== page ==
Many political groups and organisations are banned as a result of the pursue element of CONTEST, granted by the terrorism act 2000. A range of activities, including non violent activities of some of these groups, whose aims are geographical and political with regards to internal strife and conflict in their home countries such as Kurdistan, Sri Lanka, and Kashmir are banned and criminalized. These groups have connections to minority ethnic and refugee communities in UK. Supporting and even attending meetings of these groups is banned (Pantazis and Pemberton, 2009a). Some of these groups are not terrorist organisations but aim to over throw their local governments due to oppression and violence against them. Are we not limiting the freedom of expression through the use of these coercive measures? The UK has always been seen as a champion of the freedom of expression and the freedom of speech, but it is not true any more.

The 2001 Anti-terrorism, Crime and Security Act (ATCSA), which was introduced as a result of the September 11th attacks, led to new measures on asset freezing, account monitoring and cash seizures (HM Government, 2009).

The 2008 Counter-Terrorism Act further strengthens police investigatory powers by introducing post-charge interviews. Other measures have been introduced to deal with suspected terrorists who cannot be prosecuted. There are control orders, created by the 2005 Prevention of Terrorism Act, for individuals suspected of posing a terrorist risk but for whom a trial or deportation is considered impossible. These place indefinite and severe restrictions on an individual’s movement, communication and associations through curfew, tagging and surveillance. They have proven to be among the most controversial of measures because they require no finding of guilt by the courts (Pantazis and Pemberton, 2009b).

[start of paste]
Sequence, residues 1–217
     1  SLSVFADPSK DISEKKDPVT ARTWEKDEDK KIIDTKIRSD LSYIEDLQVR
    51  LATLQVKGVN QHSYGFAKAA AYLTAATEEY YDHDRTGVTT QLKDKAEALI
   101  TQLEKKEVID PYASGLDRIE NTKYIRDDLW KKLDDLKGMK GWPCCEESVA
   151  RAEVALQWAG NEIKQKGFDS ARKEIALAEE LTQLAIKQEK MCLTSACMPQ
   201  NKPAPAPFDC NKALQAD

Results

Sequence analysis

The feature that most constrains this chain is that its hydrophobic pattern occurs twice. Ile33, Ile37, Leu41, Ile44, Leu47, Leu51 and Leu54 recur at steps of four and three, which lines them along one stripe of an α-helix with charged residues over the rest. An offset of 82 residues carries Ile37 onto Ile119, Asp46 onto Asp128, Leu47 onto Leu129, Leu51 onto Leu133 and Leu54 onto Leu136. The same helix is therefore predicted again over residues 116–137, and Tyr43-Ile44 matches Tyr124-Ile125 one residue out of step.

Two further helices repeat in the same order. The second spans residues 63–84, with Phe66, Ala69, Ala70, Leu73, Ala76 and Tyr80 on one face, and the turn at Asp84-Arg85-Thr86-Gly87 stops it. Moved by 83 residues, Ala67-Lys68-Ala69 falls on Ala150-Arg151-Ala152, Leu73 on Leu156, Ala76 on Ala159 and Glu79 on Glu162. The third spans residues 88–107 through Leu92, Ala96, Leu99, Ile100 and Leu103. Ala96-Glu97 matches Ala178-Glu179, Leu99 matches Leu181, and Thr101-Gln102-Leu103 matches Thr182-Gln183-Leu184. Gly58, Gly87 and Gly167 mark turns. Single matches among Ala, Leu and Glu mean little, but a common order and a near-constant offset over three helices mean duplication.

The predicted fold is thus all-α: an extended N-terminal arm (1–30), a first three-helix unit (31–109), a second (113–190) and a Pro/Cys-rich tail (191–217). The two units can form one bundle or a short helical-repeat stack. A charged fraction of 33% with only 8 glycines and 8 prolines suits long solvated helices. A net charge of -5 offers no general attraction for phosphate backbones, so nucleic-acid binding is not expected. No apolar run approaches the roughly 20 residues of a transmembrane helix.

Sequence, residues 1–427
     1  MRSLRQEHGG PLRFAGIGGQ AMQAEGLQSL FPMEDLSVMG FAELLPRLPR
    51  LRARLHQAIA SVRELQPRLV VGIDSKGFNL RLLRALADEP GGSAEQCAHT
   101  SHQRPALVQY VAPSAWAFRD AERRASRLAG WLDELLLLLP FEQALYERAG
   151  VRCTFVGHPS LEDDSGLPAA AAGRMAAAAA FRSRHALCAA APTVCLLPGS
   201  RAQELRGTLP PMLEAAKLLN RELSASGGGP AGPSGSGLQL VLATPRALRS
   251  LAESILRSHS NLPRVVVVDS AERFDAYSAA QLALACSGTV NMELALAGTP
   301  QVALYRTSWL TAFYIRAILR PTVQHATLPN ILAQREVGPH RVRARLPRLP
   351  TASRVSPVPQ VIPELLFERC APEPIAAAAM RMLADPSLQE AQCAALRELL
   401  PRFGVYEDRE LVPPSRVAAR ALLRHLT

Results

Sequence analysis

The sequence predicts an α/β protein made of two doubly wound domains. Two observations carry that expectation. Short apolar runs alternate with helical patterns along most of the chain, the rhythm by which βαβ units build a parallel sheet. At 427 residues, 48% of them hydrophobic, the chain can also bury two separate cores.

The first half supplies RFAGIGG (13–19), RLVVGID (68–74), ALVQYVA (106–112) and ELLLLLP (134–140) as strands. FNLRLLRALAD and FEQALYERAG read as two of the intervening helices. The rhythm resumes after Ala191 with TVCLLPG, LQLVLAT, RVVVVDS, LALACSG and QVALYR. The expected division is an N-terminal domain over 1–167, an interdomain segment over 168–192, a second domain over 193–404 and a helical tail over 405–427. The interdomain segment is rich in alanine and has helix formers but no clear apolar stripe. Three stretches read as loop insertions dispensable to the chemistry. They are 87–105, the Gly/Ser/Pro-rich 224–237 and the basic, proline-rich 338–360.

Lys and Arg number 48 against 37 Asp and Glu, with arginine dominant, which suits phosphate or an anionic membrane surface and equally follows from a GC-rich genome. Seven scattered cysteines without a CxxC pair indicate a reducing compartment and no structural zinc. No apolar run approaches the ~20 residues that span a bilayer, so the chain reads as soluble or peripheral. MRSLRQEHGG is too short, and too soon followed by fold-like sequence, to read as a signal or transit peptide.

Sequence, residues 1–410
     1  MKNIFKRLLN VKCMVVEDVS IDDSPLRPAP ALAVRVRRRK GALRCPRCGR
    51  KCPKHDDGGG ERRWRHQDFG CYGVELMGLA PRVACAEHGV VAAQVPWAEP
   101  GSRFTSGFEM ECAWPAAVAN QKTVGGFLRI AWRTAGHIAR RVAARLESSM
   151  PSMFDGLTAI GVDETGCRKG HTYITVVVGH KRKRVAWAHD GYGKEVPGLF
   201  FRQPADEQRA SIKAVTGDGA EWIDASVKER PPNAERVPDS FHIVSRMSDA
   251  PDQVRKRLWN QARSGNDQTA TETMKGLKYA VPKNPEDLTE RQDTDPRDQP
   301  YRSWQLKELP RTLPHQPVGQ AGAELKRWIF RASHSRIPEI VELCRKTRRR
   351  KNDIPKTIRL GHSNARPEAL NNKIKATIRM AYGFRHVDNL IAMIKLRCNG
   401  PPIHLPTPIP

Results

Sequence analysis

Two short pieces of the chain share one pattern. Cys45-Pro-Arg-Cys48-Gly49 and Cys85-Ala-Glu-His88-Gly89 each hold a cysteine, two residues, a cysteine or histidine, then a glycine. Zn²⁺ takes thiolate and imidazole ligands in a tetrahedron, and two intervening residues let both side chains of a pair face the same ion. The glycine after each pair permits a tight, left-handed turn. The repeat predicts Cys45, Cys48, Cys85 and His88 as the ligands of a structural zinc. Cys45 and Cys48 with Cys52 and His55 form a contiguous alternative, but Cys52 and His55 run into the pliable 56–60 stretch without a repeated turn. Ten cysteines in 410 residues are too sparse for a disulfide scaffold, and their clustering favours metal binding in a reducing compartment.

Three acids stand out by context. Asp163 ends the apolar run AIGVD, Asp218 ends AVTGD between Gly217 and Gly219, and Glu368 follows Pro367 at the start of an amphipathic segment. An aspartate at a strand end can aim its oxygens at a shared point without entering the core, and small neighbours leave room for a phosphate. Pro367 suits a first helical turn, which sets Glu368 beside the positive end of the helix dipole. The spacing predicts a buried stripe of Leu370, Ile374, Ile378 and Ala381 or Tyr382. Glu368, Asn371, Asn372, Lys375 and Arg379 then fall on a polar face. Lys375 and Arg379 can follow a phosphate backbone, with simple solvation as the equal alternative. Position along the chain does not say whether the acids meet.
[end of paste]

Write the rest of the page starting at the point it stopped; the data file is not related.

The ‘Prevent’ element of CONTEST is concerned with radicalisation of individuals and how to stop them from becoming terrorists. ‘The aim of the prevent element is to stop radicalisation, reducing support for terrorism and discouraging people from becoming terrorists’ (HM Government, 2009:83). In order to understand how this strategy works I shall look into the definition of terrorism, provided by the terrorism act 2000, around which all these laws and legislations are established. But the Irony is that the definition of terrorism provided by the government is so broad, that it includes a lot of non-violent activity,

threats or acts of serious violence against a person, damage to property and serious disruption of an electronic system as well as acts that create a serious risk to the health or safety of persons, whenever such acts or threats are made for the purpose of advancing a political, ideological or religious cause (Terrorism Act 2000, online)

This definition gives the police and law enforcement agencies too much discretion. Many legitimate gatherings can be targeted by the use of this definition. For example, for several years cyclists have taken to the streets in cities around the world. The aim of the gatherings has been described as to ‘reclaim the streets’. However due to such a huge number of participants these rides can seriously disrupts traffic and can be said to pose danger to the health and safety of cyclists as well as other road users. They can also intimidate a section of the public; they arguably fall within the definition of ‘terrorism’ (ARTICLE 19, 2006).

The important components of the prevent element of CONTEST (HM Government, 2009) involves, challenging the ideology behind violent extremism and supporting moderate Muslim scholars and influential voices in order to defy the extremist ideology. Disrupting those who promote violent extremism and supporting the places where they operate. According to the government, the ‘radicaliser’ is as important as the radicalised. Therefore using the powers under the 2006 terrorism act, the police will prosecute those who encourage or glorify terrorism and take action against the places where they operate. Supporting ind